The awful images of wrong piled one upon another in the latter part of this week’s portion likewise pertain, more than anything else, to the order—and disorder—of nature. “Cursed shall be your basket and your kneading bowl . . . the issue of your womb and the produce of your soil, the calving of your herd and the lambing of your flock” (28:17–18). Israelites will be beset with pestilence and fever, blight and drought. Rain will turn to dust. They will not only be impoverished and enslaved but dispersed and reduced to worship of false deities. Worst of all, in this litany that seems to surpass every curse with one that is still worse, “you shall eat your own issue, the flesh of your sons and daughters” (v. 53). Even “she who is most tender and dainty among you” shall eat “the afterbirth that issues from between her legs and the babies she bears” (v. 57).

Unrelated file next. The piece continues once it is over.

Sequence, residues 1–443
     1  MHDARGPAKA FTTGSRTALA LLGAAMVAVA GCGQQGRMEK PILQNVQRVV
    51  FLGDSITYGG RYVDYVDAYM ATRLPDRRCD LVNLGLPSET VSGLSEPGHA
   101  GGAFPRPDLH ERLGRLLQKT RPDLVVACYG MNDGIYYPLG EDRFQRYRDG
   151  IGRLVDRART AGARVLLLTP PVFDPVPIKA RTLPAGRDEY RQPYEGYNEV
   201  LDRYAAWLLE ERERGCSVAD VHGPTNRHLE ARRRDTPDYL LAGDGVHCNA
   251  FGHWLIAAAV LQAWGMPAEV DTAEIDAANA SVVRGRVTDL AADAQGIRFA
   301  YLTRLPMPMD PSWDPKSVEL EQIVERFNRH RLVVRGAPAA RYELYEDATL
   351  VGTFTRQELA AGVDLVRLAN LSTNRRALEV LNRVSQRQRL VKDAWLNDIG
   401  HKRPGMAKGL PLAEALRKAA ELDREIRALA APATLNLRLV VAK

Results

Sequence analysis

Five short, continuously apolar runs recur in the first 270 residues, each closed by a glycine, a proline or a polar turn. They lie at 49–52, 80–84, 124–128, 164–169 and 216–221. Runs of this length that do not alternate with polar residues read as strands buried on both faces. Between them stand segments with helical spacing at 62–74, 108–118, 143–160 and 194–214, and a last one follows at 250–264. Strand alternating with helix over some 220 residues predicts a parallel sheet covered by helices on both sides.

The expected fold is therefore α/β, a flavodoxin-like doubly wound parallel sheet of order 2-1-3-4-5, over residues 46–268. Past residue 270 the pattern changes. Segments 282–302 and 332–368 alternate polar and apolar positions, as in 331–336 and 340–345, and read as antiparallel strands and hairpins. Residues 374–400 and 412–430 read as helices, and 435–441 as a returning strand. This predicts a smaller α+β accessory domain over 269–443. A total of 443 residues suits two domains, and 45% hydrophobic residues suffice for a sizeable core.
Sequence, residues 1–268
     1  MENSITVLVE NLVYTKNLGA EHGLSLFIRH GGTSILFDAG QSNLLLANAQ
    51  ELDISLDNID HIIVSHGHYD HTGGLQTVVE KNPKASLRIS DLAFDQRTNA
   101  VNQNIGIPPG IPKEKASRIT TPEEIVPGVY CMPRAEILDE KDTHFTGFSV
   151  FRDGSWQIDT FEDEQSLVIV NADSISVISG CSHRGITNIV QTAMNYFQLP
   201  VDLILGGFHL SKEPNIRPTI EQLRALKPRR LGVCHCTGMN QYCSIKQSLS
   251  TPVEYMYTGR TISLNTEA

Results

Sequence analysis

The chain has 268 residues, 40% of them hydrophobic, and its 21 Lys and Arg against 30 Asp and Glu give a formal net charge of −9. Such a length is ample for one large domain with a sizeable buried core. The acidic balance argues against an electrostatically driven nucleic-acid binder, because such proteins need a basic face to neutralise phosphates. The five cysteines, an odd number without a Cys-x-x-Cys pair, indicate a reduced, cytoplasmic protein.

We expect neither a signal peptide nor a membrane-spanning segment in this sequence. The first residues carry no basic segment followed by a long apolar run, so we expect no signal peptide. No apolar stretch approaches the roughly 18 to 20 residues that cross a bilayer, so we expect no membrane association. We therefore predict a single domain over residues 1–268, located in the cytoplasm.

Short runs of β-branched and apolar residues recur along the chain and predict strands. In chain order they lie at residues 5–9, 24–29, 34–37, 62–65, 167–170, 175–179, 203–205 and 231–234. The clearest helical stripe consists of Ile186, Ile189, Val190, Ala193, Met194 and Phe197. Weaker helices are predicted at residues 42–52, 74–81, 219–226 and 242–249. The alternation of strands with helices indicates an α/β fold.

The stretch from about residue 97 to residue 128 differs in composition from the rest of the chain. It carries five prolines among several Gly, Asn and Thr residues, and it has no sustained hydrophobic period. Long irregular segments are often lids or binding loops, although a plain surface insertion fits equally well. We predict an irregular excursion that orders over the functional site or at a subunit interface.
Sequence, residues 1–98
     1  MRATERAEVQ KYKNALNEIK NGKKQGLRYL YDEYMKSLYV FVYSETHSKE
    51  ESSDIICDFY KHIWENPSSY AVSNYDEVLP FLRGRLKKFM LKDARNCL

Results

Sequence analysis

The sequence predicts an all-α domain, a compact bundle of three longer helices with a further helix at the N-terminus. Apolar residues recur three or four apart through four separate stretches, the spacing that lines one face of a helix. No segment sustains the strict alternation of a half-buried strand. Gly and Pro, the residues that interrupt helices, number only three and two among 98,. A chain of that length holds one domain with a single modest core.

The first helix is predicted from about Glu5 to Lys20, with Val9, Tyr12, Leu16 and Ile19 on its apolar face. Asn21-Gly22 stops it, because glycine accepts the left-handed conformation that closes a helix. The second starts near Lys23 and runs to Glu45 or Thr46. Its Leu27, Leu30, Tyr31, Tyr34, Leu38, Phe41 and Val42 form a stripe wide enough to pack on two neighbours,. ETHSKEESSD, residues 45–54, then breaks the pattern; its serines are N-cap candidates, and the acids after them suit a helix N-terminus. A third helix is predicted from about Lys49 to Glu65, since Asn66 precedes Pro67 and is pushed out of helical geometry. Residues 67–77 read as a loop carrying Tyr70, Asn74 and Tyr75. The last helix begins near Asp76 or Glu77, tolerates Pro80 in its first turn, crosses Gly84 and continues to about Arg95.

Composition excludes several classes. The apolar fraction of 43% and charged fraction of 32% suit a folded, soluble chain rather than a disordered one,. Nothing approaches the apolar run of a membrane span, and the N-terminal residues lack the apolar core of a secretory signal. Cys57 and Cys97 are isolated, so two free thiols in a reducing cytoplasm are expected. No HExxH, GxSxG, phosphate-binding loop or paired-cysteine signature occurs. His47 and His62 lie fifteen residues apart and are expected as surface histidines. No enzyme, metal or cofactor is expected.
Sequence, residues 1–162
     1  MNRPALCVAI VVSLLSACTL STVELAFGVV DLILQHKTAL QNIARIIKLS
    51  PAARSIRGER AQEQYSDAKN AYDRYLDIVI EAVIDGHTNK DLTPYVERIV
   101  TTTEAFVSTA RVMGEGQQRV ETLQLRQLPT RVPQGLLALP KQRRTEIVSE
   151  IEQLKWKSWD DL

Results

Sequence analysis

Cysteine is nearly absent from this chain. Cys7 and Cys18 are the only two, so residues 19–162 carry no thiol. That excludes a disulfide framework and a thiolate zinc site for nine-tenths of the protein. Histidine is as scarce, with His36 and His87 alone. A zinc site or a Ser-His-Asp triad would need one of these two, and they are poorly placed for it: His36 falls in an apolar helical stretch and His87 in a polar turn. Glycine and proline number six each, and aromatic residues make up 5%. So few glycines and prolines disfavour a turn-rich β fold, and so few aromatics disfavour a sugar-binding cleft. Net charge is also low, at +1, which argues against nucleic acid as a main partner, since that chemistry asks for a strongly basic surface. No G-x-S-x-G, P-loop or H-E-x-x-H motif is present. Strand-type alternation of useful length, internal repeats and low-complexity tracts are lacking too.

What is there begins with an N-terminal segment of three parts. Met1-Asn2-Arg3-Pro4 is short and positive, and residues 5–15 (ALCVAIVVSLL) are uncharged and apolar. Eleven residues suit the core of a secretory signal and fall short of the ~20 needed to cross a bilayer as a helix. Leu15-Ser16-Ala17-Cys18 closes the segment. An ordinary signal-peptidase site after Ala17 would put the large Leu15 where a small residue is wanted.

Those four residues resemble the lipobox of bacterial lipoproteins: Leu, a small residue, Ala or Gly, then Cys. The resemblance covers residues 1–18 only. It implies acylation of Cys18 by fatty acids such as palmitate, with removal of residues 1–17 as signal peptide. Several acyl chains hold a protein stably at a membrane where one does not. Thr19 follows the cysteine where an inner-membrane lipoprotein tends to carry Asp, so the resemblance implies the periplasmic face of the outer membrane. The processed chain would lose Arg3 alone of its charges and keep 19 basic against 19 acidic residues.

Sometimes Torah works to inspire us. At other moments, it seeks to instruct. Here, as almost nowhere else, the point seems to be shock. Indifference to its message could prove fatal. Moses is about to die. He has no chance after this to be heard directly. Everything, absolutely everything, is at stake. One can argue with the theological nexus of cause and effect presented in our parashah. No one will ever be able to prove or disprove the claim that God stood behind Israel’s travails at the hands of Babylonia or other enemies across the ages, or that the disruption of natural blessing where Israel is concerned could have been avoided if only the people had acted differently. But there can be no doubt, knowing ancient (and recent) Jewish history, that the curses themselves, awful as they are, were no exaggeration but only a horrific statement of fact. Such things can happen. They have happened.